Radioactive Nickel Blocked From Commercial Release

WASHINGTON, DC, January 12, 2000 (ENS) - Public fear that radioactive nickel from the U.S. nuclear weapons program could be turned into consumer items such as belt buckles and eating utensils has put a stop to a plan to release the metal.

Energy Secretary Bill Richardson today blocked the release into the marketplace of 6,000 tons of the contaminated nickel from the Department of Energy's (DOE) nuclear facilities in Oak Ridge, Tennessee.

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Radioactive metal pallets at Oak Ridge DOE facility (Photo courtesy DOE)
Richardson's decision is a new department-wide policy that will also block the release of another 10,000 tons of the radioactive metal now held at other DOE sites.

There has been no national standard of safety for radioactivity in metals where the contamination permeates the entire mass of the metal instead of remaining on the surface. No law or regulation would have been violated by releasing the nickel into the commercial marketplace. But protests from environmental groups, Congressional representatives and metal traders caused Richardson to rethink DOE policy.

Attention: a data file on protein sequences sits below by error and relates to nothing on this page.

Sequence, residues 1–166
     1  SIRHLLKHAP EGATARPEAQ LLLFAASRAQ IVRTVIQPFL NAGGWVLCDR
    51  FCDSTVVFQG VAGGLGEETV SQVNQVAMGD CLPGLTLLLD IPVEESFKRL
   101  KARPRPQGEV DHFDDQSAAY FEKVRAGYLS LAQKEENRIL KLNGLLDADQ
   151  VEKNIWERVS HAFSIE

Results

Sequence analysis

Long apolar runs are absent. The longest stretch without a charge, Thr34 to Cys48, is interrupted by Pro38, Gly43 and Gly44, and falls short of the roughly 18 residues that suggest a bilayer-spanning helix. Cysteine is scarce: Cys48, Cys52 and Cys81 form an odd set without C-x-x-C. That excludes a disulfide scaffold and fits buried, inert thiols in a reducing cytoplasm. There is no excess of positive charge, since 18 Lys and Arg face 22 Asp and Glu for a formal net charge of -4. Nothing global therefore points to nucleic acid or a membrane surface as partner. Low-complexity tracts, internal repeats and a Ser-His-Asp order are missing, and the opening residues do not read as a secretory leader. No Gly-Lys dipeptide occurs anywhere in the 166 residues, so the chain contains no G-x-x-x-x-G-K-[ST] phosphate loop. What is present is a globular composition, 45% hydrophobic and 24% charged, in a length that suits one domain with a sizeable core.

"The department will modify its contract with British Nuclear Fuel Ltd. (BNFL) to prohibit release of the Oak Ridge nickel into the marketplace, said Richardson today.

waste

Radioactive scrap (Photo courtesy Environmental Assessment Division of Argonne National Laboratory)
"This will give the Nuclear Regulatory Commission time to develop national standards for volumetrically contaminated materials, and allow the public an opportunity to weigh in on the development of a national policy. It also will allow DOE to examine alternatives to free release," explained Richardson.

The rethinking was prompted by the idea of customers carrying their own geiger counters into stores to determine the radiation levels of metal products they are considering for purchase.

Concern over this reuse was expressed in a June 29, 1999 decision by Federal District Court Judge Gladys Kessler, who found that, "The potential for environmental harm is great, given the unprecedented amount of hazardous materials which [DOE and BNFL] seek to recycle. The parties have not provided the court with any evidence of the safety of recycling in comparison with any other method of disposal."